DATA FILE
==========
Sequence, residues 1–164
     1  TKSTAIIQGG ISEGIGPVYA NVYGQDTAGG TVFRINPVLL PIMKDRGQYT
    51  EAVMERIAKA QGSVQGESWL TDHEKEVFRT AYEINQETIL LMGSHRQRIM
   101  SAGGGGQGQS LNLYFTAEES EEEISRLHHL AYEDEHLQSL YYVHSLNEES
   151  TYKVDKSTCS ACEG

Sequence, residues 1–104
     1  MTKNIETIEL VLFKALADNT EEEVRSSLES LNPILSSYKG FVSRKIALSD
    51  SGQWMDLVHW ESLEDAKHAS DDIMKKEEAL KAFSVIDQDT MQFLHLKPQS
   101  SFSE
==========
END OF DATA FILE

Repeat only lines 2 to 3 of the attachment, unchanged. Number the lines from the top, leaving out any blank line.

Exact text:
     1  TKSTAIIQGG ISEGIGPVYA NVYGQDTAGG TVFRINPVLL PIMKDRGQYT
    51  EAVMERIAKA QGSVQGESWL TDHEKEVFRT AYEINQETIL LMGSHRQRIM